H&P has prepared a glossary to explain historical terms that are not in common use today. This is designed for readers of H&P's policy papers, opinion articles and Number 10 guest historian features, as well as students, journalists and policy makers.
All entries have been prepared by the editors of H&P's Number 10 guest historian series: Whitfield prize-winner Dr Ben Griffin and Dr Andrew Thompson of Cambridge University and Dr Andrew Blick, of King's College London.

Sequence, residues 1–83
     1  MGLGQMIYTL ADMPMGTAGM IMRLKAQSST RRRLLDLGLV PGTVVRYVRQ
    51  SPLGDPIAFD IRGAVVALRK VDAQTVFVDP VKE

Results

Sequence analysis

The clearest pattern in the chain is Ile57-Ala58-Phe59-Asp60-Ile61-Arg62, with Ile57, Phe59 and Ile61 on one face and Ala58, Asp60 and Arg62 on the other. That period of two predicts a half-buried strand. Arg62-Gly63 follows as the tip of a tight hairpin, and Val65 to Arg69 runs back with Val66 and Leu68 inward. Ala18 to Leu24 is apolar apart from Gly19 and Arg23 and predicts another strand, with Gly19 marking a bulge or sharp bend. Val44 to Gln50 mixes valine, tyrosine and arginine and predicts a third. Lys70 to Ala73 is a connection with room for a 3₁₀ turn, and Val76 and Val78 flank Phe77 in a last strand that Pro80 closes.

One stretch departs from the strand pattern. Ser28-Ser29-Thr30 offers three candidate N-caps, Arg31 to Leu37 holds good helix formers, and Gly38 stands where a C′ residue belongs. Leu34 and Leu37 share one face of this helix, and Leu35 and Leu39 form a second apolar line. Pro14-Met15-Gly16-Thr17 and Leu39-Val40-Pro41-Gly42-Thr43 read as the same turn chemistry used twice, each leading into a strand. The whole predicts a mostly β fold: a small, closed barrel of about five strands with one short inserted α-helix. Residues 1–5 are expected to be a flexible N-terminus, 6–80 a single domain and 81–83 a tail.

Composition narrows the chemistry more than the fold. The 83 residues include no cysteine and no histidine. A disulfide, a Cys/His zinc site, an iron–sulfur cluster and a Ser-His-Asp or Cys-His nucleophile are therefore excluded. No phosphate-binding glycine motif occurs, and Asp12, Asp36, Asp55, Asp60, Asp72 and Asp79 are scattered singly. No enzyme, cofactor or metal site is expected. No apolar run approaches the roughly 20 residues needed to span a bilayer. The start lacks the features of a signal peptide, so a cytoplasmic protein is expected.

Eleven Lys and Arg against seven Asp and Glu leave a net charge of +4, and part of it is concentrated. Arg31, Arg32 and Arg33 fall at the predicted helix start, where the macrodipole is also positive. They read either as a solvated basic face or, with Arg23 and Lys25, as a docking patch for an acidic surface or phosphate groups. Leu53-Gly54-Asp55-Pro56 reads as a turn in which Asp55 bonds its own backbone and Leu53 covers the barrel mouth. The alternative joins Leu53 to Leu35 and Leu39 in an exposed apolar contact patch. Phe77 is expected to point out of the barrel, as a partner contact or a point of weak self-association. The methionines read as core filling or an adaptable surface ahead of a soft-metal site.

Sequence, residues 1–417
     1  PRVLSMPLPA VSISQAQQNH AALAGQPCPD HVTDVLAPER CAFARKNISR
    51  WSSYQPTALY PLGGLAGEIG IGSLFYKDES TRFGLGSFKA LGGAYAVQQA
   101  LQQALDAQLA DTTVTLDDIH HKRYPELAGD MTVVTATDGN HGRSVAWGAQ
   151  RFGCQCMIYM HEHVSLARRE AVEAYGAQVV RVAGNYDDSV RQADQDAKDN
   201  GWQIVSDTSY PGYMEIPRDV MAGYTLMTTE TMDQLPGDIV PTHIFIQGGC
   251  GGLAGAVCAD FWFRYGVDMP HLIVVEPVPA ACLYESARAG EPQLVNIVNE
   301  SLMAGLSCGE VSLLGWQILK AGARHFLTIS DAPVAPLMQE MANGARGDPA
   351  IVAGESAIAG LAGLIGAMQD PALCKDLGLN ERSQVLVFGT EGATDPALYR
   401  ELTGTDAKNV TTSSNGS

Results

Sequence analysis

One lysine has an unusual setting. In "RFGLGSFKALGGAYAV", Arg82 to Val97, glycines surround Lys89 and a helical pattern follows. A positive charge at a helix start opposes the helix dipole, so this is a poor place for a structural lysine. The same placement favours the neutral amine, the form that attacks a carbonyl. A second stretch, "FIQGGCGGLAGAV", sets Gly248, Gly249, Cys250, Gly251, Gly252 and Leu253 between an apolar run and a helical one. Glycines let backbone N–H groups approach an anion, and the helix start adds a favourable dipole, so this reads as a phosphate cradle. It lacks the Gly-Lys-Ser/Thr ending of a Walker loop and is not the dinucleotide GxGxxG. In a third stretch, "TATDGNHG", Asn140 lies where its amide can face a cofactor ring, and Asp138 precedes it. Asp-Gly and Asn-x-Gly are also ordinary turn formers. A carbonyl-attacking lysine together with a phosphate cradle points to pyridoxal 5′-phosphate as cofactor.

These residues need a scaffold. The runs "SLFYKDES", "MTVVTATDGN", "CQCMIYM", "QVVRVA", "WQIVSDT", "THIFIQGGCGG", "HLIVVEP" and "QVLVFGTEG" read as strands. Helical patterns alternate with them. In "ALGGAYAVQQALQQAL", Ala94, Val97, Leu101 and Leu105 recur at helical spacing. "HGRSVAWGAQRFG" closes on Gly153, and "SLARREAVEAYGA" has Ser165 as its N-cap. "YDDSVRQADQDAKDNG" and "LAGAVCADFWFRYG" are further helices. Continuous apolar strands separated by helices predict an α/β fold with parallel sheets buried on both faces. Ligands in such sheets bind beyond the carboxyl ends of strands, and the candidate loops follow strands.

The official office that virtually all Prime Ministers have held. After 1714 the running of the Treasury was put in the hands of a commission, rather than a single individual, with the First Lord being the most senior commissioner. The importance of financial affairs meant that gradually the First Lord emerged as the most important of all government ministers. Until 1827, the First Lord was also Chancellor of the Exchequer, provided that he was a member of the Commons. If the First Lord was a peer, then a separate Chancellor was appointed.
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